History Today columnist Stanley (Kennedy vs. Carter: The 1980 Battle for the Democratic Party’s Soul, 2010) treats the paleoconservative and “culture warrior” to a sympathetic close-up and finds he’s a hard guy to dislike—even if we have him to thank for Sarah Palin.
Buchanan has been on the American political scene for decades. This crisp narrative goes all the way back to the beginning on the streets of Georgetown where he learned the importance of quick hands and unwavering loyalty. Both attributes would serve him well throughout his stormy life as a political pundit, advisor to two presidents and three-time presidential contender. Stanley tracks these events with a professional level of scrutiny that is rarely unflattering, but never quite fawning. We learn that Buchanan stokes the fire in his belly with a burning desire to return America to a sanitized version of itself, a time when same-sex couples were criminals and every nice white family had a black maid all its own. And so what if he understood AIDS as “nature’s retribution” and once referred to Hitler as a “man of courage.” He’s also sharp, witty and talented. Even liberal commentator Rachel Maddow, we learn, reserves a begrudging affection for the guy. These confounding complexities are so delightfully examined that the last third of the book proves to be something of a disappointment, as the biographical thread almost gets lost in tangential analyses of dusty opponents like Bob Dole, Lamar Alexander and George H.W. Bush. Stanley gives only cursory attention to Buchanan’s TV career as a ubiquitous talking head. The takeaway is that while he has been consigned as an “also-ran,” Buchanan has undoubtedly been successful in at least one thing: elevating group biases to the level of “cultural issues” and thereby making possible the ascent of the Tea Party and similar groups.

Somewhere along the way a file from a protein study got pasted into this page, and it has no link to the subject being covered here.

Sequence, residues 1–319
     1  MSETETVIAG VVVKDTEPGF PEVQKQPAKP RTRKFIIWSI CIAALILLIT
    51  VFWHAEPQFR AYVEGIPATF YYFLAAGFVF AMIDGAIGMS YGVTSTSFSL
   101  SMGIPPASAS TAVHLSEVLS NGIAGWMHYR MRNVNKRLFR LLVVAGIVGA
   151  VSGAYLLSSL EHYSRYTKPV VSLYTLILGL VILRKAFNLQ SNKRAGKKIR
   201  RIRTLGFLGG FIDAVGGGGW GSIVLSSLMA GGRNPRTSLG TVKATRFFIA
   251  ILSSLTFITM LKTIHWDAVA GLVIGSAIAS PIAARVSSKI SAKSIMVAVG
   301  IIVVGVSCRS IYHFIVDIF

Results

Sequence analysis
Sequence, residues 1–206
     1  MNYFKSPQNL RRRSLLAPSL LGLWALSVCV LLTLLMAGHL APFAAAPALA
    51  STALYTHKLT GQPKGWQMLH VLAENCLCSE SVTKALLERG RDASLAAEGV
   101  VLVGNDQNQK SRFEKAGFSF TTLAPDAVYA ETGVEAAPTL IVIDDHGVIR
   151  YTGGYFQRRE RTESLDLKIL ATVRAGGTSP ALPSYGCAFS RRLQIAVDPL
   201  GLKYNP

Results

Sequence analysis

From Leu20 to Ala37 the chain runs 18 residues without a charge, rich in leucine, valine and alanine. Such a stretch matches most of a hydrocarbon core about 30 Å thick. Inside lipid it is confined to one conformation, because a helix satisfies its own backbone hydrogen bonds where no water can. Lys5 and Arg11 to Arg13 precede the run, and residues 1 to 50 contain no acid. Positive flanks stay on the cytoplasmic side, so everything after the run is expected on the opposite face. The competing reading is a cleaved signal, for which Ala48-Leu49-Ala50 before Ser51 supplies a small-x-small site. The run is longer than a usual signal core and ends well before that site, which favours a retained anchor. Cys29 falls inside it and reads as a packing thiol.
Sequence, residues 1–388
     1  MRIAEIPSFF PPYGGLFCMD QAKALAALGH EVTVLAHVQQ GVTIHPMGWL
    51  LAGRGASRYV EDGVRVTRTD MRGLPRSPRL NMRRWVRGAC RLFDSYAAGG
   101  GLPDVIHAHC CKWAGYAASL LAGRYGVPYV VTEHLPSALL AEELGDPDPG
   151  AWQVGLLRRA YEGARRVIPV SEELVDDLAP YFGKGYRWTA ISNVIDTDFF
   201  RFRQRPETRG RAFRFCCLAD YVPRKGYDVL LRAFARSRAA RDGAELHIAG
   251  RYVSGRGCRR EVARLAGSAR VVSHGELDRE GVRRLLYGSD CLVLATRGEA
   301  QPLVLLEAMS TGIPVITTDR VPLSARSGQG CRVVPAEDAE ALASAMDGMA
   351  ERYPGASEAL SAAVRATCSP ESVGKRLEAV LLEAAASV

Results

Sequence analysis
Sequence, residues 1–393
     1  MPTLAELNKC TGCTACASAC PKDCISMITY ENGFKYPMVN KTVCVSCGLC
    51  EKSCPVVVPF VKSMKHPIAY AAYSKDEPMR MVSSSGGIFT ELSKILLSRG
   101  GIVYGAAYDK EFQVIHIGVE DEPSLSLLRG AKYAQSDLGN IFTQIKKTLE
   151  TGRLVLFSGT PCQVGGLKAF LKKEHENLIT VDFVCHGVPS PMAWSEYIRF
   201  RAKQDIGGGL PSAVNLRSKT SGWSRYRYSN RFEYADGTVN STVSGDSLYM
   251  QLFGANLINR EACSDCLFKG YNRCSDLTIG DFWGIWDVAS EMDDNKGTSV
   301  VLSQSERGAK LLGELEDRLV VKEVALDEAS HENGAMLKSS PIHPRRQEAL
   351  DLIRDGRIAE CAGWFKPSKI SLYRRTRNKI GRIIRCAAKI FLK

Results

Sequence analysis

An engrossing look inside an ultra-conservative mind.